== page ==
CPR's rival Grand Trunk Railway and later Canadian National Railway copied Van Horne's approach by building hotels such as the Jasper Park Lodge in Jasper, Alberta, and the Chateau Laurier in Ottawa. CPR purchased CN's hotel chain in 1988, making Canadian Pacific Hotels and Resorts (CP Hotels) the nation's largest hotel owner. In the 1990s, CP Hotels began to expand and purchased the Canadian Delta Hotels chain and the international Princess Hotels chain in 1998, which became wholly owned subsidiaries of CP Hotels. The following year in 1999 the company underwent a significant expansion in its international holdings when it purchased the San Francisco-based Fairmont Hotel chain, gaining control of famed hotels as The Plaza in New York City.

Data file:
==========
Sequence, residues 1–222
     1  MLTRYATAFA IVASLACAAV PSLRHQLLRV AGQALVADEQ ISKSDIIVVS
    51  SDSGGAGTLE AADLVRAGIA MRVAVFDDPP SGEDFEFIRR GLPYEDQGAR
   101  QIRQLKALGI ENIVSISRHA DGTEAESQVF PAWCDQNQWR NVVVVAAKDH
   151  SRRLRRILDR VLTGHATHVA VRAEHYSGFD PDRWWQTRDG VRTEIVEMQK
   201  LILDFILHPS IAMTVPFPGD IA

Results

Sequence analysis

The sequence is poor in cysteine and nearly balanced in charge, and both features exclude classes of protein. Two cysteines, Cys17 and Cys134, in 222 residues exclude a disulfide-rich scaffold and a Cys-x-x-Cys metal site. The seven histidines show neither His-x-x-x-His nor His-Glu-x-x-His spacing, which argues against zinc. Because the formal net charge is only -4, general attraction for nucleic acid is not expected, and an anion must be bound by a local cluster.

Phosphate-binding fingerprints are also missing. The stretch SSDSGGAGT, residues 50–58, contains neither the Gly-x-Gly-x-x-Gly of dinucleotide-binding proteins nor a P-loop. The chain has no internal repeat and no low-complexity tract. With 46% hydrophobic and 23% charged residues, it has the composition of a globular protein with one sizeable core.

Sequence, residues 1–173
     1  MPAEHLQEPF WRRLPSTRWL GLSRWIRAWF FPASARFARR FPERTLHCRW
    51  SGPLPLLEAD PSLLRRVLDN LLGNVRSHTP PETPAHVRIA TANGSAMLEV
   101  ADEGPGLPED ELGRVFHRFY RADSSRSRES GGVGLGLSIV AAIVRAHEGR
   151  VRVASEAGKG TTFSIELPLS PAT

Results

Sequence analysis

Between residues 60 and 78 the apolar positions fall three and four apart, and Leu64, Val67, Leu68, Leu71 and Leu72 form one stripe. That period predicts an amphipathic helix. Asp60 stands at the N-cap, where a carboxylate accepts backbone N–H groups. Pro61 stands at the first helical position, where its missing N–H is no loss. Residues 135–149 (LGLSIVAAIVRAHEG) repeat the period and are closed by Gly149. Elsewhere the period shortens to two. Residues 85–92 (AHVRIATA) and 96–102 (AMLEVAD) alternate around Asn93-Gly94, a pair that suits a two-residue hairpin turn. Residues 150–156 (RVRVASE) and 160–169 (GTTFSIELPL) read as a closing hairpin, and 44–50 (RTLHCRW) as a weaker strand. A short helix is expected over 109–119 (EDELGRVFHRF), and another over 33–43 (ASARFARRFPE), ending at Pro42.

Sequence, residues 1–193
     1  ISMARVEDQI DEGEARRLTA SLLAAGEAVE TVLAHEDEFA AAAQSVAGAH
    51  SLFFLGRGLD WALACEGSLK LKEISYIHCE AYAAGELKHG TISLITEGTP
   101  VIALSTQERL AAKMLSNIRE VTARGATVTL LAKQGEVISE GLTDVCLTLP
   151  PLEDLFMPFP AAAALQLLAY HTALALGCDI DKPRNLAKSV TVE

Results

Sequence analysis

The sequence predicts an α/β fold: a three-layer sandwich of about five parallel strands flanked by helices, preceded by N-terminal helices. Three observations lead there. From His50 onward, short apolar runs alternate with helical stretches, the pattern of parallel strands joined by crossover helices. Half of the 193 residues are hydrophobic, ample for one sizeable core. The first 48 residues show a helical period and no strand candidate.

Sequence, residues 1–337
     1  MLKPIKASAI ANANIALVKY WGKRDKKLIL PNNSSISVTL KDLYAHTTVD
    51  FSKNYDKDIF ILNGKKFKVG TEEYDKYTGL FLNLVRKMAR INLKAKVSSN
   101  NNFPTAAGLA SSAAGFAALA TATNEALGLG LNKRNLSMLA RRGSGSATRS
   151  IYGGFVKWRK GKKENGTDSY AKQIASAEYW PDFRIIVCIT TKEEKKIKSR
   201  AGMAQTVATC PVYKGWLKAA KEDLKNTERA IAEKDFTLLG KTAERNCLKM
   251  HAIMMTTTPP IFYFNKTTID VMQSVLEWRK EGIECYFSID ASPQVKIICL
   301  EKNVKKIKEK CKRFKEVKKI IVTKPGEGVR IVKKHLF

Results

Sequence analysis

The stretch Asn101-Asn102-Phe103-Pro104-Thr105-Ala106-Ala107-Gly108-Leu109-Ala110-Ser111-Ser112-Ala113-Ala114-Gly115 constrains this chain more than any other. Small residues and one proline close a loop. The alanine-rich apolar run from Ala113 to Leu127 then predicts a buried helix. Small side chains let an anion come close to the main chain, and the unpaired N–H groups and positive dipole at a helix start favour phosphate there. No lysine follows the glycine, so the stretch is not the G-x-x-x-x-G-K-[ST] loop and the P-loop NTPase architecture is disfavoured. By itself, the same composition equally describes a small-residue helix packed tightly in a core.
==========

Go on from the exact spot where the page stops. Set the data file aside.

In 2001, parent Canadian Pacific Limited underwent a reorganization and renamed its Canadian Pacific Hotels and Resorts subsidiary as Fairmont Hotels and Resorts, borrowing the name of the company it had purchased in 1999. The newly organized Fairmont company shuffled several properties to its Delta subsidiary, while maintaining many original "signature" resorts and hotels from Fairmont and CP Hotels under the new Fairmont banner. Later that year in October 2001, Canadian Pacific Limited spun off all of its subsidiary companies into separately traded "independent" companies, including Canadian Pacific Railway and Fairmont Hotels and Resorts.

On 30 January 2006, Fairmont agreed to be acquired by a venture of Kingdom Hotels International and Colony Capital, which also own the Raffles and Swissotel chains.

List of CP hotels[edit]

Surviving properties of Fairmont Hotels and Resorts[edit]

Surviving properties sold/transferred to other operators[edit]

Canada[edit]

Germany[edit]

Israel[edit]

United States[edit]

Surviving properties sold and converted to other uses[edit]

Non operating properties[edit]

Demolished or lost properties[edit]

Former CN hotels purchased in 1988[edit]

See also[edit]

References[edit]

External links[edit]